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A Love Affair with Olive Oil

Umut Kaplan and his brother, Cosku, are introducing the U.S. to imports from their Turkish homeland.


By Susan Maas




At the center of the Mediterranean diet—lauded as much for its heart-friendly, anti-inflammatory properties as it is for deliciousness—is extra virgin olive oil (EVOO). Integral to the cuisine of North African, west Asian, and Southern European cultures for centuries, EVOO’s health benefits and culinary charms have caught on in the United States.
Umut Kaplan, right, with his brother Cosku Kaplan at their shop Coccinella in Edina

CHRIS EMEOTT/EDINA MAGAZINE

“You come to Turkey, and you see olive trees that date back a couple of thousand years. That tells you something about how special this is to our culture.” In fact, Turkey is the world’s fourth-largest producer of olive oil: ahead of Portugal, Egypt, and Greece. And while the quality of extra virgin olive oil can vary—even within a given producer country or region—the Kaplans grew up consuming world-class oil.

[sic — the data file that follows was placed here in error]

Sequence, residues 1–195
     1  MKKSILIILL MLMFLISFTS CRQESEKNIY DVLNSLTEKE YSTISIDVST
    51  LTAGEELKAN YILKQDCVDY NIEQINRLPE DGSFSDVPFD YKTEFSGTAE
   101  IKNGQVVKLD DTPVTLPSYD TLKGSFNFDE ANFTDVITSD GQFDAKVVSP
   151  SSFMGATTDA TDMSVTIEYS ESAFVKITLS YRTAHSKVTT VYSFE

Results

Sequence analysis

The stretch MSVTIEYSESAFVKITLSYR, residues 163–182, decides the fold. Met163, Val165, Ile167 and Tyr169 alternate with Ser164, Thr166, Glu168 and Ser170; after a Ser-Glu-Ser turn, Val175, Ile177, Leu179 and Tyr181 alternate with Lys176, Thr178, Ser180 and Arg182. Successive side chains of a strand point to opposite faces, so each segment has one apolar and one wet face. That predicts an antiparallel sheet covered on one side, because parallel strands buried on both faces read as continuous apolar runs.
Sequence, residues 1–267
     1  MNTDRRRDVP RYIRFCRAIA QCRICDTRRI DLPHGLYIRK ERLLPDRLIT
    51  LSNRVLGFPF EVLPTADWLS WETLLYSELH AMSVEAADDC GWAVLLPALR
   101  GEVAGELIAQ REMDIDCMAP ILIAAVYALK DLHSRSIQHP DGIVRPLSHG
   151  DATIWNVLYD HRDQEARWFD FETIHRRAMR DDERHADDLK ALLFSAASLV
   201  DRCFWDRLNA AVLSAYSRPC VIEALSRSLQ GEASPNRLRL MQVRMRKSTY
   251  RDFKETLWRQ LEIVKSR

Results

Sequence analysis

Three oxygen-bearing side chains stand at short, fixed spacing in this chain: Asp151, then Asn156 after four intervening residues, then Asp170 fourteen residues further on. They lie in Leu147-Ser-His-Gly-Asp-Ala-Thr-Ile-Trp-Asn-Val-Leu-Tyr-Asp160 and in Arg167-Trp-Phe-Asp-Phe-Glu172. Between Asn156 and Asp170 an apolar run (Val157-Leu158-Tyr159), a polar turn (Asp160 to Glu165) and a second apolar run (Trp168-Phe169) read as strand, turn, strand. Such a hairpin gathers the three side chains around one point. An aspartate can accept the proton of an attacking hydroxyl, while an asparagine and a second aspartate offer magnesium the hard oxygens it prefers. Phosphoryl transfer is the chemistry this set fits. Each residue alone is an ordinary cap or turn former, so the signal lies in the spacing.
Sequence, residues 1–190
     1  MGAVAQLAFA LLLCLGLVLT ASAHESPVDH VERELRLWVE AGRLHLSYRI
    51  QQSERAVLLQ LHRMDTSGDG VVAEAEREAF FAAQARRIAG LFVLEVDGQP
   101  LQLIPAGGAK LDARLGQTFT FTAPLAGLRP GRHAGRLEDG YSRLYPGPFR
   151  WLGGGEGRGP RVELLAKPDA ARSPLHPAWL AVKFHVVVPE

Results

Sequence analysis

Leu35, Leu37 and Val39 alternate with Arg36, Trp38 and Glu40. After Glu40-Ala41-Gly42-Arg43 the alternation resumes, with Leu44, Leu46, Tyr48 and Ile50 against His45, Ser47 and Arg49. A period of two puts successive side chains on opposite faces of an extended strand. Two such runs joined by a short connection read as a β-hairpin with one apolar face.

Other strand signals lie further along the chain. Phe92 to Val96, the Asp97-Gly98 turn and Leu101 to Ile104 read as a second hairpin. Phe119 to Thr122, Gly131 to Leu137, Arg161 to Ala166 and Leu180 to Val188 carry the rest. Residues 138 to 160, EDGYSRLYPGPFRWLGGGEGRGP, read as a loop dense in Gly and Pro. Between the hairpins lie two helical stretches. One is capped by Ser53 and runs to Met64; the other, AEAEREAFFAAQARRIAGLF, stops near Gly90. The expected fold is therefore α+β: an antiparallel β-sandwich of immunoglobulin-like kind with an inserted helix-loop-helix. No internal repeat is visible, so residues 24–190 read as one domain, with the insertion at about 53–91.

Introducing ‘the good stuff’

“When people here see the words ‘extra virgin’ or ‘cold press’ and see that it’s a product of Spain or Italy, they automatically assume that must be the good stuff.” Yet that’s not necessarily the case.


“There’s a lot about the process that the consumer doesn’t know yet,” Umut says. Extra virgin, or unrefined, olive oil is produced without heat or chemical solvents, and it’s nutritionally superior to other olive oil. It’s also more flavorful, but achieving the oil. It’s also more flavorful, but achieving the best possible flavor can be a balancing act. Some producers do this more consistently than others, he explains.





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